Burhanistan: "My mobile phone pocket called 911 once. Really embarrassing"

Actually in many (most?) cities they interpret any random series of digits as a 911 call. I got dragged out of bed at 4 am once because my room-mate fell alseep with the land-line phone in his bed and rolled over onto it. Also I have gotten phone calls from 911 because my pants were too tight and phone buttons got pushed from stretching or leaning in a certain way (of course first the magic "unlock phone" sequence of buttons had to get pushed). I actually talked to the operator who told me that any random call is treated as an emergency.

This must be helpful for those relying on a trained animal to dial 911 on their behalf.
posted by idiopath at 12:48 PM on January 23, 2010


At the end of the fiscal year, when testing results are back, Bertie's team is certified proficient in bottle-making and Bertie and his entire team get raises and bonuses. Charlie's team, despite their vital role in securing this year's certification, get bupkes, but at least they are still allowed to make cans.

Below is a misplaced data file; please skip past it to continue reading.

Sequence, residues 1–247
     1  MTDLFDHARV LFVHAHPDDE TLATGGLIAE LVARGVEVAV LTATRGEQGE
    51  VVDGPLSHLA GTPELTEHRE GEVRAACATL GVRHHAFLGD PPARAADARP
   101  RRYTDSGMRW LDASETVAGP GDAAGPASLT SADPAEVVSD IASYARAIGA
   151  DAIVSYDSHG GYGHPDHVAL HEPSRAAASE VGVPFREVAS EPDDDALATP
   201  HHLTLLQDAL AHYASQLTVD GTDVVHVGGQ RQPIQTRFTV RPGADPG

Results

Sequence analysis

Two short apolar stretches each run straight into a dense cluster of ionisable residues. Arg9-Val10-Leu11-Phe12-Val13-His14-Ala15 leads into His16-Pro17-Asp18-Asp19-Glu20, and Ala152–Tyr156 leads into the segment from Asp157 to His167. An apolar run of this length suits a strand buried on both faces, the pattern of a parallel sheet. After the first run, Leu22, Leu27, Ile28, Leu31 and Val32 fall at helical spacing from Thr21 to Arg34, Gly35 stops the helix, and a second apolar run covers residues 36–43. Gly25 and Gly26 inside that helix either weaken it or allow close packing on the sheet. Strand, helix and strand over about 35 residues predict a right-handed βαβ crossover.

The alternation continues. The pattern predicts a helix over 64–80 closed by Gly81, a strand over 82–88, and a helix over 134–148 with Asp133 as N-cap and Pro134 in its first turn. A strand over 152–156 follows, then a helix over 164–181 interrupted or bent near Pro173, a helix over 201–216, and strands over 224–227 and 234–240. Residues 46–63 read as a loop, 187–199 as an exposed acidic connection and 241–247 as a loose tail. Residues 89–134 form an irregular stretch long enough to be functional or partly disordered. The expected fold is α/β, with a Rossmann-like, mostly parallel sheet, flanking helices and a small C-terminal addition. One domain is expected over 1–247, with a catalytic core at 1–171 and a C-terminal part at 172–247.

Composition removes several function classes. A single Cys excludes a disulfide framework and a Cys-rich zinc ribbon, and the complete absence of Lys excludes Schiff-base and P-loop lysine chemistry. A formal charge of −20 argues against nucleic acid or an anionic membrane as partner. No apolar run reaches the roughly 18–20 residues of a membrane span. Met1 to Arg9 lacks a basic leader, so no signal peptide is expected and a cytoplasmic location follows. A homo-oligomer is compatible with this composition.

Does that clear it up?


No. I don't want to impose on somebody else's metaphor, but we don't agree that art outcomes (can making) are just as important as reading outcomes (bottle making). We are legitimately prioritizing math and reading improvement and care about other subjects because they help those. Under the basic scenario of merit pay assessed by standardized tests, teachers of kids who improve more than their peers get bonuses and teachers of kids who fail to improve as much as comparable students get remedial training or fired.

It doesn't matter what subject they teach. If they teach art, and kids with good art teachers do better, then that will show up in the data. Same thing for history teachers.

It seems entirely possible that teacher quality in some subjects matters less on the outcomes we're interested in; good and bad art teachers could result in about the same level of reading improvement. Then we're doing the right thing to incentivize good teachers to teach something else.